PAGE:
By now you’ve heard that Obama risked indigestion just days before his inauguration to reach out to the other side.
Barack Obama took the next big step in his Republican charm offensive on Tuesday night, when he dined with several of the nation’s most prominent conservative pundits.
The president-elect arrived at the Chevy Chase, Md., home of syndicated columnist George Will shortly after 6:30 p.m., according to a press pool report. Greeting him at the residence were other luminaries of the conservative commentariat, including the Weekly Standard’s William Kristol, New York Times columnist David Brooks, and Charles Krauthammer of the Washington Post.
Just two comments about this. First, remember that two out of three of these men sort-of endorsed Obama as the election came to a close (indeed Brooks was a fan from early on). Here’s Brooks, enthusing over Obama’s self-efficacy in October.
But other candidates are propelled by what some psychologists call self-efficacy, the placid assumption that they can handle whatever the future throws at them. Candidates in this mold, most heroically F.D.R. and Ronald Reagan, are driven upward by a desire to realize some capacity in their nature. They rise with an unshakable serenity that is inexplicable to their critics and infuriating to their foes.
Obama has the biography of the first group but the personality of the second. He grew up with an absent father and a peripatetic mother. “I learned long ago to distrust my childhood,” he wrote in “Dreams From My Father.” This is supposed to produce a politician with gaping personal needs and hidden wounds.
But over the past two years, Obama has never shown evidence of that. Instead, he has shown the same untroubled self-confidence day after day.
Here’s Will, attacking the Republican ticket’s shared inability to think with complexity, in October.
Palin may be an inveterate simplifier; McCain has a history of reducing controversies to cartoons. A Republican financial expert recalls attending a dinner with McCain for the purpose of discussing with him domestic and international financial complexities that clearly did not fascinate the senator. As the dinner ended, McCain’s question for his briefer was: "So, who is the villain?"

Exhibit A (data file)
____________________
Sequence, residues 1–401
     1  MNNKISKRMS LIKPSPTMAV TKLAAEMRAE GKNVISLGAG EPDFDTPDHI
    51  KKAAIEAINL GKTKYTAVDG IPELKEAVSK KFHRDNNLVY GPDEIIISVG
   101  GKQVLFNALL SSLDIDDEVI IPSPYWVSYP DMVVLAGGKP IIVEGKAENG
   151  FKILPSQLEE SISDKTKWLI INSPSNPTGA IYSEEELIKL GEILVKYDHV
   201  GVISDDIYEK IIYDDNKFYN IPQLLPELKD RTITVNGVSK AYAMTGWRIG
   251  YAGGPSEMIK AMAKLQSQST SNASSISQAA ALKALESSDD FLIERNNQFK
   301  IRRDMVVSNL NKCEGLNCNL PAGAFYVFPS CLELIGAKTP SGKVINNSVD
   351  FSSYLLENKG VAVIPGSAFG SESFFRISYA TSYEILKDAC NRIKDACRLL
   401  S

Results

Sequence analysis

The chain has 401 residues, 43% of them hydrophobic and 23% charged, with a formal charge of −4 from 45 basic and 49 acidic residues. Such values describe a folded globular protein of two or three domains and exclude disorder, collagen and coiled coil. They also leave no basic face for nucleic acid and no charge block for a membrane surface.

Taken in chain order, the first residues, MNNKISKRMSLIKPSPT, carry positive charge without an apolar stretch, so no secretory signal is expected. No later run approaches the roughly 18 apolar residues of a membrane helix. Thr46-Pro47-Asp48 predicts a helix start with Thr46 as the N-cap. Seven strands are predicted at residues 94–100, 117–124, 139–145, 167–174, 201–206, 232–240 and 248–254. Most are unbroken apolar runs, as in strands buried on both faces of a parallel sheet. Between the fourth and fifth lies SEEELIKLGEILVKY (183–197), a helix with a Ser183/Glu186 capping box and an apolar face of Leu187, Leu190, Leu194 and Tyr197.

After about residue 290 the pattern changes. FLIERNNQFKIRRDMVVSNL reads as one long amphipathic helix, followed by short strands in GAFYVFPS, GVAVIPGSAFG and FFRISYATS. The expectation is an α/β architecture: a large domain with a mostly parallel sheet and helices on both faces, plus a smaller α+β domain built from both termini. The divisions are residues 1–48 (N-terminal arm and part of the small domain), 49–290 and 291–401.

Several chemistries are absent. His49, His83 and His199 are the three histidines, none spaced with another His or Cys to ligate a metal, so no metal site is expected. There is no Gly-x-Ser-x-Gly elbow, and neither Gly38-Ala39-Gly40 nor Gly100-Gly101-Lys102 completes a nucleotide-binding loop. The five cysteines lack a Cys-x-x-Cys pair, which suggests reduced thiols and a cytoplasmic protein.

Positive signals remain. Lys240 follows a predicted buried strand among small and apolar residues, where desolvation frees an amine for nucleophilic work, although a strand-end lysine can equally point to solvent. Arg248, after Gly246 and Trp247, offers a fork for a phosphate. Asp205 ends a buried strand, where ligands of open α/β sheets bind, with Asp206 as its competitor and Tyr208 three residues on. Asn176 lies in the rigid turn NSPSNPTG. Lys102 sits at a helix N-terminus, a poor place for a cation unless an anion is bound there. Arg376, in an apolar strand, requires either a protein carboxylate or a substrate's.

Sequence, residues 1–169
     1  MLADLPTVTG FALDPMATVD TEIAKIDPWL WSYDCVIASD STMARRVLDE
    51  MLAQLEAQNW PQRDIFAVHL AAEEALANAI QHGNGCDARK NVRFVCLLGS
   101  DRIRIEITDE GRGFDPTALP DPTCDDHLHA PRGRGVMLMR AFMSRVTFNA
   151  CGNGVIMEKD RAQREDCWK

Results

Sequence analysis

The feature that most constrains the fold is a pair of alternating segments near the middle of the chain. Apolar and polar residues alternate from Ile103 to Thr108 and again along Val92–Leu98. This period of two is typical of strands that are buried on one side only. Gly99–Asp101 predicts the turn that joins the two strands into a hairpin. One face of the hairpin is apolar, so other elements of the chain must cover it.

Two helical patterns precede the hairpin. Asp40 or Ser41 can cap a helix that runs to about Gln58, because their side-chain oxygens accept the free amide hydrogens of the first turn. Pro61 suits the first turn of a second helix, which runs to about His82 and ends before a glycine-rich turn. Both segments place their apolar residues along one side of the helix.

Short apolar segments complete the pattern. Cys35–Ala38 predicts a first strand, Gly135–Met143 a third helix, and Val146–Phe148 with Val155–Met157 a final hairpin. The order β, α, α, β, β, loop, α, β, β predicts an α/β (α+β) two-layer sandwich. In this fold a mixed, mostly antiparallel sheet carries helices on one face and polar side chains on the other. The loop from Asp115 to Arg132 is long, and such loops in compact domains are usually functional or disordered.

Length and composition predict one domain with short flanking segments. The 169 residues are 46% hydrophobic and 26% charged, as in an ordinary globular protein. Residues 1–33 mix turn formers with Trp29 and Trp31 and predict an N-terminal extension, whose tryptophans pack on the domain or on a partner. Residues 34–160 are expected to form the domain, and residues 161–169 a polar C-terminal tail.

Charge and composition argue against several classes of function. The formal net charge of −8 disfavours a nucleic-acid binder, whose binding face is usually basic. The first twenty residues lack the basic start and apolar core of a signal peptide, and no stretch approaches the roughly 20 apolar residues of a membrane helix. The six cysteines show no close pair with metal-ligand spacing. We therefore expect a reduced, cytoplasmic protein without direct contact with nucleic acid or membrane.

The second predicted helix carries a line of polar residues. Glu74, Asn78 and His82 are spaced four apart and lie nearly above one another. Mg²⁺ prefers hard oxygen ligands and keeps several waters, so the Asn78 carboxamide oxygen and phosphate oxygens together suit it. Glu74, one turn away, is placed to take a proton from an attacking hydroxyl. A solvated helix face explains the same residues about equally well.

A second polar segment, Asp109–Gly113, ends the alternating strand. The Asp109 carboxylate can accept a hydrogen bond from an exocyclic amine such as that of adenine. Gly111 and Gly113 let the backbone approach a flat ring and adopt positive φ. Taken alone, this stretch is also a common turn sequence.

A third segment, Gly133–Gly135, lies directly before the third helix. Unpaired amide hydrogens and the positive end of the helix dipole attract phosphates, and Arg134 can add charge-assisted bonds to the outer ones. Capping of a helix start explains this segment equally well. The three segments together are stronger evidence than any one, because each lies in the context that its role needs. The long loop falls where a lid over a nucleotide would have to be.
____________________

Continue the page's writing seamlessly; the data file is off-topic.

McCain revived a familiar villain — "huge amounts" of political money — when Barack Obama announced that he had received contributions of $150 million in September. "The dam is broken," said McCain, whose constitutional carelessness involves wanting to multiply impediments to people who want to participate in politics by contributing to candidates — people such as the 632,000 first-time givers to Obama in September.
Why is it virtuous to erect a dam of laws to impede the flow of contributions by which citizens exercise their First Amendment right to political expression? "We’re now going to see," McCain warned, "huge amounts of money coming into political campaigns, and we know history tells us that always leads to scandal." The supposedly inevitable scandal, which supposedly justifies preemptive government restrictions on Americans’ freedom to fund the dissemination of political ideas they favor, presumably is that Obama will be pressured to give favors to his September givers. The contributions by the new givers that month averaged $86.
Given that Kristol played Higgins to Palin’s Eliza Doolittle, he couldn’t very well endorse Obama. But in November, he tried to repackage Obama’s foreign policy as a continuation of Bush’s foreign policy.
Second, remember that all three of these men–and especially Kristol and Brooks–are paid propagandists. If, for the sake of one night of indigestion, he can neutralize propagandists that the Noise Machine has invested a lot of money in, all the better.
I wouldn’t want to do it. But if Obama’s got the intestinal fortitude to dine with these three, more power to him.